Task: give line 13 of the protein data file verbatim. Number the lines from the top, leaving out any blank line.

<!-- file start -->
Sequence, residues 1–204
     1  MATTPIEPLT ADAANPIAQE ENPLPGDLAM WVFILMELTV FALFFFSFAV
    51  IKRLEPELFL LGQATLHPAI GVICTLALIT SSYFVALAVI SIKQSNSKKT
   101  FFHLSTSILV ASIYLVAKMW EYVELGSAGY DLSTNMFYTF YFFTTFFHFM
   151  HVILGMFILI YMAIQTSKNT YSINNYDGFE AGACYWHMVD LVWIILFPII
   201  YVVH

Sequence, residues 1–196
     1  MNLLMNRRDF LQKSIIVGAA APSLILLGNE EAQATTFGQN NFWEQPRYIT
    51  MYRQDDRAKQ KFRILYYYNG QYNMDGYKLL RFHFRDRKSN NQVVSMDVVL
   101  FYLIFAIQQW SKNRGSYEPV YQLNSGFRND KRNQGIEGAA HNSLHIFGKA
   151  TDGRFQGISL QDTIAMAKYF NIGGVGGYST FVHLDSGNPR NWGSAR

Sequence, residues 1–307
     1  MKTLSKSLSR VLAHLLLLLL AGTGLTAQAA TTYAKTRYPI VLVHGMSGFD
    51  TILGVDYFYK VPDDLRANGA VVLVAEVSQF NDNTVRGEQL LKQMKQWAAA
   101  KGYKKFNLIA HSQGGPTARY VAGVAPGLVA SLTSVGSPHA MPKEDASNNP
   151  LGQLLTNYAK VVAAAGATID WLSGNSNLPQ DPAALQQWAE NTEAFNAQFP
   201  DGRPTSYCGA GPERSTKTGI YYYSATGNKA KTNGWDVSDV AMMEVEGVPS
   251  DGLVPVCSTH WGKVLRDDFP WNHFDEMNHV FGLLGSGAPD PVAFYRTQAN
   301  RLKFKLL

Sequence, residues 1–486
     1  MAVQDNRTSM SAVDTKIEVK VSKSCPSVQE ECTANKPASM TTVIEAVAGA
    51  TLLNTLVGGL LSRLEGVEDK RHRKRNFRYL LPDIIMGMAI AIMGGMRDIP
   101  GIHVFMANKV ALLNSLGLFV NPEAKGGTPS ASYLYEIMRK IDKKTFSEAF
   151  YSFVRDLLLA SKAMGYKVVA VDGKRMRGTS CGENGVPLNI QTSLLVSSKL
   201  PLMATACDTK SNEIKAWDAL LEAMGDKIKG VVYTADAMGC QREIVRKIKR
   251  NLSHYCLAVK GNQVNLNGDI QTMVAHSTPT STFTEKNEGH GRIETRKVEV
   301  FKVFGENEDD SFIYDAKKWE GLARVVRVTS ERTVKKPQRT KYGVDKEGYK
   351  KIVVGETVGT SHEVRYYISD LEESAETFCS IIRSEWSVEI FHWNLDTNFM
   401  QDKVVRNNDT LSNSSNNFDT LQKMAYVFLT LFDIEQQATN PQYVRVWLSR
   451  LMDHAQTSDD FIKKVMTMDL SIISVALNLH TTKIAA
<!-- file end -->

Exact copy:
     1  MKTLSKSLSR VLAHLLLLLL AGTGLTAQAA TTYAKTRYPI VLVHGMSGFD